The fundamental concern of psychotherapy is change. While practitioners are constantly greeted with new strategies, techniques, programs, and interventions, this book argues that the full benefits of the therapeutic process cannot be realized without fundamental revision of the concept of change itself. Applying cybernetic thought to family therapy, Bradford P. Keeney demonstrates that conventional epistemology, in which cause and effect have a linear relationship, does not sufficiently accommodate the reciprocal nature of causation in experience. Written in an unconventional style that includes stories, case examples, and imagined dialogues between an epistemologist and a skeptical therapist, the volume presents a philosophically grounded, ecological framework for contemporary clinical practice.
About the Author
Bradford P. Keeney, PhD, has worked at some of the most respected psychotherapy centers in the United States, including the Ackerman Institute in New York City, the Karl Menninger Center in Topeka, and the Philadelphia Child Guidance Clinic. He has served as Director of clinical doctoral programs at Texas Tech University and Nova University, and as Director of Scholarly Studies at the University of St. Thomas. He is the author of numerous classic works in the field of family therapy.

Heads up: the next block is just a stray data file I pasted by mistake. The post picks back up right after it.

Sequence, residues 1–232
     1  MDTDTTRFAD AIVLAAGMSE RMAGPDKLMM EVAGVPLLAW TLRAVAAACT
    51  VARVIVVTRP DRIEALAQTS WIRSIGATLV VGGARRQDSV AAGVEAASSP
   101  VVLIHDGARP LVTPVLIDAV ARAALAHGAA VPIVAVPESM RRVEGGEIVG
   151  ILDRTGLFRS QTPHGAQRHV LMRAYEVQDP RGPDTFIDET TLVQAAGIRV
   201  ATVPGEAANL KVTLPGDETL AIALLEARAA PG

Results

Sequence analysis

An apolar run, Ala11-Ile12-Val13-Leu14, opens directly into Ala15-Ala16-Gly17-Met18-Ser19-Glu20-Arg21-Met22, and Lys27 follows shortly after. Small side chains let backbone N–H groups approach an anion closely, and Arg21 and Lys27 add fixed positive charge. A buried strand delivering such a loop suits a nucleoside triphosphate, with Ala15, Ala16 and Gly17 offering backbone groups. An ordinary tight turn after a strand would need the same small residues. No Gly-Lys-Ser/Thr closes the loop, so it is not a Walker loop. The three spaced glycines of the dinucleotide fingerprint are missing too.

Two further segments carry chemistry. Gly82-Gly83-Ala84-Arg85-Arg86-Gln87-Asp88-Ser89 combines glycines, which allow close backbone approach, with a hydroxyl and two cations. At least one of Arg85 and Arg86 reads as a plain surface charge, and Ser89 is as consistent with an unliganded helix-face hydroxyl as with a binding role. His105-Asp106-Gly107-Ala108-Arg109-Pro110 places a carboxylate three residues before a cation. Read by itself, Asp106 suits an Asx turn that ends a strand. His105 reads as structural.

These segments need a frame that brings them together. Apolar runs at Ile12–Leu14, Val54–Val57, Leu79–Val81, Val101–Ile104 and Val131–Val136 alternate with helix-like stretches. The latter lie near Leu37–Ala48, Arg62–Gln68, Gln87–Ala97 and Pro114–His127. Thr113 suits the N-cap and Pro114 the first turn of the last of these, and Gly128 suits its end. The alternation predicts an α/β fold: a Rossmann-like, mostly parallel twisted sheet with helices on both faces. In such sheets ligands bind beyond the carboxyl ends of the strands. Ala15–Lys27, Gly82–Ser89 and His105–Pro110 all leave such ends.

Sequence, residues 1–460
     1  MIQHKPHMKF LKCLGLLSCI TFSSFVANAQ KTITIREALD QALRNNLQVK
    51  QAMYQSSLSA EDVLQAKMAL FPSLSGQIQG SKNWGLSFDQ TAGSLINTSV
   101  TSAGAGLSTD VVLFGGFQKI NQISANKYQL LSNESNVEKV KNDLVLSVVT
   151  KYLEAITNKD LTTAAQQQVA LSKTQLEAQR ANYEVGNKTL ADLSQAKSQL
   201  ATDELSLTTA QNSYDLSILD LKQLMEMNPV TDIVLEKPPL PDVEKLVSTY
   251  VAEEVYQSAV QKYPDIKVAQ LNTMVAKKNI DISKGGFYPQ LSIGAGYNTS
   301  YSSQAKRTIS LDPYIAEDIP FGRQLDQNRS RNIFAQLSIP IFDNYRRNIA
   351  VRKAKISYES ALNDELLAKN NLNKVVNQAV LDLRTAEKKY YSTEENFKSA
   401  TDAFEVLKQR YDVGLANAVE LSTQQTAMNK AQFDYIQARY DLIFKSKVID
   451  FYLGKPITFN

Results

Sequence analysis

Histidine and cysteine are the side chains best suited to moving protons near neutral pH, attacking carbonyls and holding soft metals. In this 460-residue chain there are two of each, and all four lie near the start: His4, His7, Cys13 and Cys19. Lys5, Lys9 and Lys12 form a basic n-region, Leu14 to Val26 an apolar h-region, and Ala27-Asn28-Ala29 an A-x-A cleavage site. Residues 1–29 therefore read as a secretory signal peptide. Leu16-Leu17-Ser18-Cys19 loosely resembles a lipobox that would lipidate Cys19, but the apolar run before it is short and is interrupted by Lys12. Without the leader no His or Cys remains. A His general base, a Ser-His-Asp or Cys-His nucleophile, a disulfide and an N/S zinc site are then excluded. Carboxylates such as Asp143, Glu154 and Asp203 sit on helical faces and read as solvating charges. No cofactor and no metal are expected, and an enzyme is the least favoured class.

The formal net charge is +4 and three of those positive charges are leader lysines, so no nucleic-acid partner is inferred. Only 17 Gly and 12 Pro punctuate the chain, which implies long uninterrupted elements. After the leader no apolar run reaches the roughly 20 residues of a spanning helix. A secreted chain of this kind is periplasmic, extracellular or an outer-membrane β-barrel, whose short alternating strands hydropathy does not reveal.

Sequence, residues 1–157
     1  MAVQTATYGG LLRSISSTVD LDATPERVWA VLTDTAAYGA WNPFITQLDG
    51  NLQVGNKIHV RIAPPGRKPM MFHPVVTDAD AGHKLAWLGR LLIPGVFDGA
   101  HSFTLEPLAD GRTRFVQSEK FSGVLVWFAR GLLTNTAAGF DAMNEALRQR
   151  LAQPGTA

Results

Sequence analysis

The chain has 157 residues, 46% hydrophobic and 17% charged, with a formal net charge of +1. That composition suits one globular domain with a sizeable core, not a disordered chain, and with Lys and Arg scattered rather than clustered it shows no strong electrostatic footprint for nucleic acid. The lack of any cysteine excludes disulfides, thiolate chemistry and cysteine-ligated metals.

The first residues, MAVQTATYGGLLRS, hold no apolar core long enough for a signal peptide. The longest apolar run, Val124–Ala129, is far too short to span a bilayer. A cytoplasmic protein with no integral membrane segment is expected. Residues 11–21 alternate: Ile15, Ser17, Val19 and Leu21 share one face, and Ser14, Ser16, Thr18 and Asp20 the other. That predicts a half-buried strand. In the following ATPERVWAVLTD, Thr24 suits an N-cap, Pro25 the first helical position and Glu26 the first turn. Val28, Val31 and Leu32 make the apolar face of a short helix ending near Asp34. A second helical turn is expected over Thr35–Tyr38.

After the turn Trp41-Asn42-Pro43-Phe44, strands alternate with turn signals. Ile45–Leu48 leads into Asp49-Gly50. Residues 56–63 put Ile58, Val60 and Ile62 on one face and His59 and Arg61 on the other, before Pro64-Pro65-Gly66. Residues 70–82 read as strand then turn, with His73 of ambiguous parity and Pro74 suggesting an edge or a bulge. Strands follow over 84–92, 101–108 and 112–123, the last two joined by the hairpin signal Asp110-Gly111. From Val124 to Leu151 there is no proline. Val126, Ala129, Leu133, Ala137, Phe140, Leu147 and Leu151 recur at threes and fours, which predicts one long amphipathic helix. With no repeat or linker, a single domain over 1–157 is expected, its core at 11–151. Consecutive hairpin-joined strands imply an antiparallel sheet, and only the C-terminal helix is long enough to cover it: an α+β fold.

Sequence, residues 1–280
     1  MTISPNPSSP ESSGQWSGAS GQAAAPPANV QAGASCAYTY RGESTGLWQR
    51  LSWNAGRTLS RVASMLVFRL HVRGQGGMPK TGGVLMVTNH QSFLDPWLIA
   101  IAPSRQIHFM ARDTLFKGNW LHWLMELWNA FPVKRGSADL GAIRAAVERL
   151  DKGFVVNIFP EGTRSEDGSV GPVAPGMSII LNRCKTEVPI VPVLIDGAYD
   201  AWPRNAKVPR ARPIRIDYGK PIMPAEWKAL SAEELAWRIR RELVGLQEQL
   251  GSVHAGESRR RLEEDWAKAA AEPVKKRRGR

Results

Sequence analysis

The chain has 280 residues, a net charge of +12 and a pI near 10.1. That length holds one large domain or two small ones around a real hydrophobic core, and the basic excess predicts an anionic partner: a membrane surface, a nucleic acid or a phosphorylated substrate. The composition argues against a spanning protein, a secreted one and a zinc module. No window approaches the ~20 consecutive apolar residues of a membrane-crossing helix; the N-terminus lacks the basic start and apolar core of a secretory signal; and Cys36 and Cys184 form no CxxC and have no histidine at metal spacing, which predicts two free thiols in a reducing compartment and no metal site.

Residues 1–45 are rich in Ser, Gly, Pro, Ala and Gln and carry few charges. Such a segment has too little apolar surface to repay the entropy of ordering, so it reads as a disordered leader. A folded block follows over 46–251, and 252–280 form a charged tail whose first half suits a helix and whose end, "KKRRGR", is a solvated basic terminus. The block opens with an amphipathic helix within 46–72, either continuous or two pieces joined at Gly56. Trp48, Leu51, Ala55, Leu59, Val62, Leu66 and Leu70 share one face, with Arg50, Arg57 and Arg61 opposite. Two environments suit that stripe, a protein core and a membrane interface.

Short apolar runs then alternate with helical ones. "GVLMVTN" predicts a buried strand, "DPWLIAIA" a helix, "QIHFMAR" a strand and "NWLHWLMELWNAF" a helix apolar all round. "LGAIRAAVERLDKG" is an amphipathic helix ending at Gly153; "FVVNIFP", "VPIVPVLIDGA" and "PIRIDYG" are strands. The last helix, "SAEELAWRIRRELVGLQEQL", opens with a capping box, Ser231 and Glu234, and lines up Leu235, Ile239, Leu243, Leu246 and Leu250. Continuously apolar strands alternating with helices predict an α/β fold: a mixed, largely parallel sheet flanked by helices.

Table of Contents
1. Fundamentals of Epistemology
2. Cybernetic Epistemology
4. A Cybernetic Description of Family Therapy
5. Cybernetics of Therapeutic Change
6. An Aesthetic Base for Family Therapy
Family therapy practitioners, researchers, and students. May serve as a supplemental text in graduate-level courses.